Even closer to Britain, a few dozen miles from the English south coast's languishing property market, Jersey's chief government statistician Dr Duncan Gibaut said property prices had risen 7 per cent and the worst scenario in the coming months would be a period of "stabilising" house values. "Prices are still rising but at a lower annual rate," said Dr Gibaut.

Residential property prices in Guernsey were mixed, with small apartments falling in value by up to 17 per cent, according to the island's Policy Council. However, at the same time the price of houses – representing 60 per cent of residential property sales – were up a fraction at 0.1 per cent. Buoyancy at the wealthier end of the market appears to come from a steady stream of new interest from the UK mainland.

In the Isle of Man, property prices last year increased by 4 per cent and this year are "holding steady" according to Chrystals estate agents, "Following the UK Budget where income tax was increased to 50% for those earning in excess of £150,000 pa it will come as little surprise to learn that enquires from UK applicants have risen strongly," said the company.

In Geneva, housing demand hit a new peak when the apartment vacancy rate fell to between 0.25 per cent and 0.5 per cent last year and it will continue to hold firm this year, according to "Swiss Issues Real Estate 2009," a report on Swiss housing published by Credit Suisse earlier this year. Savills have recently published extensive research on the residential market in Geneva, concluding: "The Geneva market is expected to plateau, but not decrease during 2009."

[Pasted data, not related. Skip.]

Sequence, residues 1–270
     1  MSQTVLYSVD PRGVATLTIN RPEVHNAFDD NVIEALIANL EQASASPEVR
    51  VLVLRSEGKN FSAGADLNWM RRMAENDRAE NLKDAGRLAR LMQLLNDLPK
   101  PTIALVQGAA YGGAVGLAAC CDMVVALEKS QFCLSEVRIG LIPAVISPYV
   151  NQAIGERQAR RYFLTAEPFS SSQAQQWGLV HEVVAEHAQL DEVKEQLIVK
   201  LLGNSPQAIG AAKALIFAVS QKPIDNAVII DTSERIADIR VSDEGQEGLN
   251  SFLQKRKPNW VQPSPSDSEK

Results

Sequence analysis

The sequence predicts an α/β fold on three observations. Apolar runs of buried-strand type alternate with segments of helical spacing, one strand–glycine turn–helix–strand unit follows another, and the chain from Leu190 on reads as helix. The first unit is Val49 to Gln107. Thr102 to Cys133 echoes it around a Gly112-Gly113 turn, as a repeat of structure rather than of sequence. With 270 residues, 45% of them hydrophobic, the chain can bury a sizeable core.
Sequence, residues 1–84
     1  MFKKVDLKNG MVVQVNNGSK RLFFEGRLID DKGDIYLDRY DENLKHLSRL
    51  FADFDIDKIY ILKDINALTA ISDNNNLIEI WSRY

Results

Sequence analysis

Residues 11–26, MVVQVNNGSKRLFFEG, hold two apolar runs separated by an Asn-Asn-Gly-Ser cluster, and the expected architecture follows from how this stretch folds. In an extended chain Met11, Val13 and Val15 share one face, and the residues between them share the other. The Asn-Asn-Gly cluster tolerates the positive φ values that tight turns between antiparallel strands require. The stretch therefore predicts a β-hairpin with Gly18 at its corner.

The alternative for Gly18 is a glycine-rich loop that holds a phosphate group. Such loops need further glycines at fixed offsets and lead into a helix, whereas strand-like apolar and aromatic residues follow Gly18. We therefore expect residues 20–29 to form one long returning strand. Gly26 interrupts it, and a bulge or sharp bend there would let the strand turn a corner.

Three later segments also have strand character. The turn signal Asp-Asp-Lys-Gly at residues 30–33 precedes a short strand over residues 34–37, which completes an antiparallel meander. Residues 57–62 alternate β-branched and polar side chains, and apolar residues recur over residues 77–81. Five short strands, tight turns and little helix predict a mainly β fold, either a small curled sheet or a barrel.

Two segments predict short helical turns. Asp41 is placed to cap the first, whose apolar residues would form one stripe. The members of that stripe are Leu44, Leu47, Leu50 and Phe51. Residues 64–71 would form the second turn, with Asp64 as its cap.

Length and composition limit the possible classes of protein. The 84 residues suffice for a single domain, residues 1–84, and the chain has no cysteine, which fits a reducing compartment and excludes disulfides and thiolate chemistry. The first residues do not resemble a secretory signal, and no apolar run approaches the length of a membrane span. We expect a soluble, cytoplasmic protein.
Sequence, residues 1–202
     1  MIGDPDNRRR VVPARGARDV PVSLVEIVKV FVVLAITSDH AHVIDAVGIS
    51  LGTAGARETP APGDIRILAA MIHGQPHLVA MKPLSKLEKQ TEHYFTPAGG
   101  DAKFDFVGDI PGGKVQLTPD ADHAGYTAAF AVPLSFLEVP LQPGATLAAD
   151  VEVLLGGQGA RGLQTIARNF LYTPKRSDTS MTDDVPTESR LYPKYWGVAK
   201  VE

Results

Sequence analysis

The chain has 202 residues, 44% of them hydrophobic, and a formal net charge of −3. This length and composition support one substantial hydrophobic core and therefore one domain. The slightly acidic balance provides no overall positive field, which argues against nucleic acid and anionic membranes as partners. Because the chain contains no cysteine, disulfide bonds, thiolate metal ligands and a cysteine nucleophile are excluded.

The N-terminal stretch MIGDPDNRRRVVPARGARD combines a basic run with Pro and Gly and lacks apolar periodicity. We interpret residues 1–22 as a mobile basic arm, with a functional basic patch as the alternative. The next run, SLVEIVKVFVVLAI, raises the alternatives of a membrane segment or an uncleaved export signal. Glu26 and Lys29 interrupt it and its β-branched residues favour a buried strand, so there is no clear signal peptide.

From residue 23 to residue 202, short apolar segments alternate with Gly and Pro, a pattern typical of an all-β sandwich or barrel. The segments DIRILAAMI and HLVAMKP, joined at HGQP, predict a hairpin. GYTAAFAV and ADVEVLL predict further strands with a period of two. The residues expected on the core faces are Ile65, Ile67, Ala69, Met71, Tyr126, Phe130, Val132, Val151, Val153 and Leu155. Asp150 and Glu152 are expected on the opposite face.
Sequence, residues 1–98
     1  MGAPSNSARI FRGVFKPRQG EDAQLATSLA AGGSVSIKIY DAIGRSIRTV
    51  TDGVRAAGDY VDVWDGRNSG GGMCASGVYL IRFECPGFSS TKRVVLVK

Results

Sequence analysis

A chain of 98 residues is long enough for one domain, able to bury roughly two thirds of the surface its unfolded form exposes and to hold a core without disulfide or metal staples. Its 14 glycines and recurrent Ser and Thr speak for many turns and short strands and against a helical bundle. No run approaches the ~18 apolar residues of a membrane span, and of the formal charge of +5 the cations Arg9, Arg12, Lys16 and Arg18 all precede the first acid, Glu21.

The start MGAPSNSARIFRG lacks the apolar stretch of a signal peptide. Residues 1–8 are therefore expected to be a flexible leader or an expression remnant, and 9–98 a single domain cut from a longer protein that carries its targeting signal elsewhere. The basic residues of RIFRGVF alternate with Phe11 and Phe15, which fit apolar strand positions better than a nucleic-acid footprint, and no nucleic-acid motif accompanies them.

In an article in this esteemed publication last week, entitled "Asian buyers eye London bargains". Data from property consultant Knight Frank showed that overseas buyers accounted for 43 per cent of all deals done for prime London properties in August that were priced at over £1 million, up from 35 per cent a year ago. Those buyers could be pure speculators or could be people who intend living in the UK and taking advantage of the UK's very advantageous tax treatment of non domiciled residents. More on that later.

If you are looking for somewhere to live where you will not be obliged to place your hard-earned capital at the disposal of a government that will be looking to squeeze its taxpayers until the pips squeak, then you would do well to look offshore for the foreseeable future. Property may be relatively expensive in these "offshore tax havens" but its still a bargain if it goes up in value... and it appears to do that inexorably because of its low tax charges. High tax countries should take note. You can create wealth by encouraging people to live in your country and pay some tax and destroy it by forcing your wealthiest residents to leave by trying to charge too much.